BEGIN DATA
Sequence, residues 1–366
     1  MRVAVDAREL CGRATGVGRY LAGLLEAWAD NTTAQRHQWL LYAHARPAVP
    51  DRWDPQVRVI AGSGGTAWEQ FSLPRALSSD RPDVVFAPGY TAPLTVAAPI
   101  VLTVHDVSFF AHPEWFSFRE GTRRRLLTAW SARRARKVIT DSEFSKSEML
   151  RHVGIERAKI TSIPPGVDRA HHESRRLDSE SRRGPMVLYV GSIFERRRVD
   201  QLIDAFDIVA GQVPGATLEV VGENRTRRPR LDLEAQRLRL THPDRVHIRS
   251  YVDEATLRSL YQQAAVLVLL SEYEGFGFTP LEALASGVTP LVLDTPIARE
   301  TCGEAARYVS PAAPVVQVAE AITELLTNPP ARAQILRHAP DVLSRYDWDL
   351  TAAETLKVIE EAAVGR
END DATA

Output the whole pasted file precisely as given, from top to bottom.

Sequence, residues 1–366
     1  MRVAVDAREL CGRATGVGRY LAGLLEAWAD NTTAQRHQWL LYAHARPAVP
    51  DRWDPQVRVI AGSGGTAWEQ FSLPRALSSD RPDVVFAPGY TAPLTVAAPI
   101  VLTVHDVSFF AHPEWFSFRE GTRRRLLTAW SARRARKVIT DSEFSKSEML
   151  RHVGIERAKI TSIPPGVDRA HHESRRLDSE SRRGPMVLYV GSIFERRRVD
   201  QLIDAFDIVA GQVPGATLEV VGENRTRRPR LDLEAQRLRL THPDRVHIRS
   251  YVDEATLRSL YQQAAVLVLL SEYEGFGFTP LEALASGVTP LVLDTPIARE
   301  TCGEAARYVS PAAPVVQVAE AITELLTNPP ARAQILRHAP DVLSRYDWDL
   351  TAAETLKVIE EAAVGR